The DICT Development Group
4 definitions found
From The Collaborative International Dictionary of English v.0.48 :
Expulsion \Ex*pul"sion\, n. [L. expulsio, fr. expellere: cf. F.
expulsion. See Expel.]
1. The act of expelling; a driving or forcing out; summary
removal from membership, association, etc.
The expulsion of the Tarquins. --Shak.
2. The state of being expelled or driven out.
From WordNet (r) 3.0 (2006) :
n 1: the act of forcing out someone or something; "the ejection
of troublemakers by the police"; "the child's expulsion
from school" [syn: ejection, exclusion, expulsion,
2: squeezing out by applying pressure; "an unexpected extrusion
of toothpaste from the bottom of the tube"; "the expulsion of
pus from the pimple" [syn: extrusion, expulsion]
3: the act of expelling or projecting or ejecting [syn:
expulsion, projection, ejection, forcing out]
From Moby Thesaurus II by Grady Ward, 1.0 :
127 Moby Thesaurus words for "expulsion":
banishment, blowout, booting out, cashiering, clearance,
communication, conduction, contagion, convection, deconsecration,
defenestration, defrocking, delivery, deportation, deposal,
deposition, deprivation, detachment, dethronement, detrusion,
diapedesis, diffusion, disbarment, disbarring, discard, discharge,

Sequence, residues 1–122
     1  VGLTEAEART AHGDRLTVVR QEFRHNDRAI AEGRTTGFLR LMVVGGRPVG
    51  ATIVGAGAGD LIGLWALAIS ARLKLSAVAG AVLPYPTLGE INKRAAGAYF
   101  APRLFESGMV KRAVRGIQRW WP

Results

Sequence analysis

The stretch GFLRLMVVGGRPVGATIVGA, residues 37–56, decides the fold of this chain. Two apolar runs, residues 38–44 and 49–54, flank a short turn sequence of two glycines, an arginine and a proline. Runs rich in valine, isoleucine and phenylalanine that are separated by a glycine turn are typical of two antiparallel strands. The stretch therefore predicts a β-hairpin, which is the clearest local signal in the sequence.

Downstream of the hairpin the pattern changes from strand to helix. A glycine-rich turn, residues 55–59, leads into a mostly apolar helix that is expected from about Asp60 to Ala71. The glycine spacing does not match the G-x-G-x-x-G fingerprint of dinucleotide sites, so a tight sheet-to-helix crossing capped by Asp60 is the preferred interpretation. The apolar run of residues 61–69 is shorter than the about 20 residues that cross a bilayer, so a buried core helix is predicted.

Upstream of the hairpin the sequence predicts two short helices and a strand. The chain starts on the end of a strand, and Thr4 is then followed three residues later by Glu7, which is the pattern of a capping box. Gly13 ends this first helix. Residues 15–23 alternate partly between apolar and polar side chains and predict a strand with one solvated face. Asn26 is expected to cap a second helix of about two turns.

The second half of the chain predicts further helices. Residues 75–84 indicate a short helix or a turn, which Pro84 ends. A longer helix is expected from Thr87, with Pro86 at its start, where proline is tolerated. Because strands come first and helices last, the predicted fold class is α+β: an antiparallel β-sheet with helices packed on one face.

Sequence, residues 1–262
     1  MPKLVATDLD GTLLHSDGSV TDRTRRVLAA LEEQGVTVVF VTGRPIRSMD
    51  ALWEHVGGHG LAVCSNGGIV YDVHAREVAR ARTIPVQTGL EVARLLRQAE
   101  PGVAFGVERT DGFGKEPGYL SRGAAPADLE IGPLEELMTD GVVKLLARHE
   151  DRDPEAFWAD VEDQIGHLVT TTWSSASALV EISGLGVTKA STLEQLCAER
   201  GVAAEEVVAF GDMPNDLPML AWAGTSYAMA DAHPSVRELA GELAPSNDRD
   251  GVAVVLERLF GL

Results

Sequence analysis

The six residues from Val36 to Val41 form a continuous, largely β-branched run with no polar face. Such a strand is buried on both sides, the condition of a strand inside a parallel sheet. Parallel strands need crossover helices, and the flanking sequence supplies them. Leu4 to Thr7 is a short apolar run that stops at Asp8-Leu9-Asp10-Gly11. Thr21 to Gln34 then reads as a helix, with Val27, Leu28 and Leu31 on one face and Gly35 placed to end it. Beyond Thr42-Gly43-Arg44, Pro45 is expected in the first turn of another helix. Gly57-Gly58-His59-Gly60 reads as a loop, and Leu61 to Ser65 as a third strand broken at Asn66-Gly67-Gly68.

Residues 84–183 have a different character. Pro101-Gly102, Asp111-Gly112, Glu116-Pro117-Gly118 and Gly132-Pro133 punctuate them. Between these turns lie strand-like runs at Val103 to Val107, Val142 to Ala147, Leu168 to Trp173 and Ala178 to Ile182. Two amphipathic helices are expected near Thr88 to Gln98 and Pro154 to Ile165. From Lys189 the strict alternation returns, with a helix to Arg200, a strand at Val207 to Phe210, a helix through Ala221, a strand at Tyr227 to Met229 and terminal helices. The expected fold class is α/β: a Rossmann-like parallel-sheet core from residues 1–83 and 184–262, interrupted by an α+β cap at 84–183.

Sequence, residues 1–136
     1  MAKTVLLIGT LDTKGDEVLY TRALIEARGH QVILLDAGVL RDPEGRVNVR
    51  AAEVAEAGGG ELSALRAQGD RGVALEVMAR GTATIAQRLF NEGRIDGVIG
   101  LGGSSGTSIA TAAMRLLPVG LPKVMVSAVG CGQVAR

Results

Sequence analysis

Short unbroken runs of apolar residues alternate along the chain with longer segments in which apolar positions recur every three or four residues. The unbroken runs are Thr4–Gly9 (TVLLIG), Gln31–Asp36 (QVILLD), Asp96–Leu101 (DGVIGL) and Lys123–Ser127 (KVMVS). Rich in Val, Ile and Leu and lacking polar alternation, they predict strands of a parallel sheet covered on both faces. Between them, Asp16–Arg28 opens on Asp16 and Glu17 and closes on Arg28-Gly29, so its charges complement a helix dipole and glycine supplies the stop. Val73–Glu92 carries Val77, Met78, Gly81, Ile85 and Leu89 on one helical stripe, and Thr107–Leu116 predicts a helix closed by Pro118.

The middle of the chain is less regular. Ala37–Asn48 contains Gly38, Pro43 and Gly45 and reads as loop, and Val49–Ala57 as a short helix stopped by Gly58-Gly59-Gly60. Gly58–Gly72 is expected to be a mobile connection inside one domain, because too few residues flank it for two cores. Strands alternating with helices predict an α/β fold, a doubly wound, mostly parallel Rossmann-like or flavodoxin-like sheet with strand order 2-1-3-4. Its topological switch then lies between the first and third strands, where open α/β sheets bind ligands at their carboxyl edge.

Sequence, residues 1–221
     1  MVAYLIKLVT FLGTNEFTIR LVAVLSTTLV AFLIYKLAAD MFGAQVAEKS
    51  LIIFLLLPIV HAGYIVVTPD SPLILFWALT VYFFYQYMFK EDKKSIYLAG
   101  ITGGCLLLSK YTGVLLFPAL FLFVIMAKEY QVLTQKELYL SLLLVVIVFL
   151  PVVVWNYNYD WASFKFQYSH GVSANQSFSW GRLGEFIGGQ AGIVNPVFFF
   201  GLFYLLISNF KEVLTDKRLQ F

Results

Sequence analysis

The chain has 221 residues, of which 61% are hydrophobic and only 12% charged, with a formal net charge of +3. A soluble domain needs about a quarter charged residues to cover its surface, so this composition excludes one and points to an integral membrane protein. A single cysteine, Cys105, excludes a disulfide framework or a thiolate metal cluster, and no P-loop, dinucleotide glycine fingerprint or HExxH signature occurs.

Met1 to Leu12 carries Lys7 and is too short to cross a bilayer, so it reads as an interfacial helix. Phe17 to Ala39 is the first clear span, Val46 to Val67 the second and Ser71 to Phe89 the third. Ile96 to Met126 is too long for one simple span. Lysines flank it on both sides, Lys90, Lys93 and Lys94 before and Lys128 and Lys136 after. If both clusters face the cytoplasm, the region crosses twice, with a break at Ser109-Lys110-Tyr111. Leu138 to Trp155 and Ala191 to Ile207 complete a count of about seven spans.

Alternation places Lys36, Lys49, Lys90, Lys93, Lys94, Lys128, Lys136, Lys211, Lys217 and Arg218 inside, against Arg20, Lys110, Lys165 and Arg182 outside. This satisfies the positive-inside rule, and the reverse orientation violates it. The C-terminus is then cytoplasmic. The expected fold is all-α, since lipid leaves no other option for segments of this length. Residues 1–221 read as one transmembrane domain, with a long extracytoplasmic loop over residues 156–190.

discrownment, disenthronement, disgorgement, disjunction,
dismissal, displacement, disposal, disposition, dissemination,
ejaculation, ejection, ejectment, elimination, emission,
eradication, eructation, eruption, eviction, excommunication,
exile, expatriation, expelling, export, exportation, extradition,
extravasation, extrusion, firing, forced resignation, impeachment,
import, importation, interchange, jet, jettison,
kicking downstairs, kicking upstairs, liquidation, metastasis,
metathesis, metempsychosis, migration, mutual transfer, obtrusion,
osmosis, ostracism, ouster, ousting, outburst, outlawing, outlawry,
outpour, overthrow, overthrowal, passage, passing over,
pensioning off, perfusion, purge, rejection, relegation, removal,
repudiation, retirement, riddance, sacking, severance, spout,
spread, spreading, spurt, squirt, superannuation, suspension,
the boot, the bounce, the sack, throwing out, transduction,
transfer, transfer of property, transference, transfusion, transit,
transition, translation, translocation, transmigration,
transmigration of souls, transmission, transmittal, transmittance,
transplacement, transplantation, transposal, transposition, travel,
unchurching, unfrocking, unseating, withdrawal
From Bouvier's Law Dictionary, Revised 6th Ed (1856) :
EXPULSION. The act of depriving a member of a body politic, corporate, or of
a society, of his right of membership therein, by the vote of such body or
society, for some violation of hi's. duties as such, or for some offence
which renders him unworthy of longer remaining a member of the same.
2. By the Constitution of the United States, art. 1, s. 5, Sec. 2, each
house may determine the rules of its proceedings, punish its members for
disorderly behaviour, and, with the concurrence of two-thirds' expel a
member. In the case of John Smith, a senator from Ohio, who was expelled
from the senate in 1807, the committee made a report which embraces the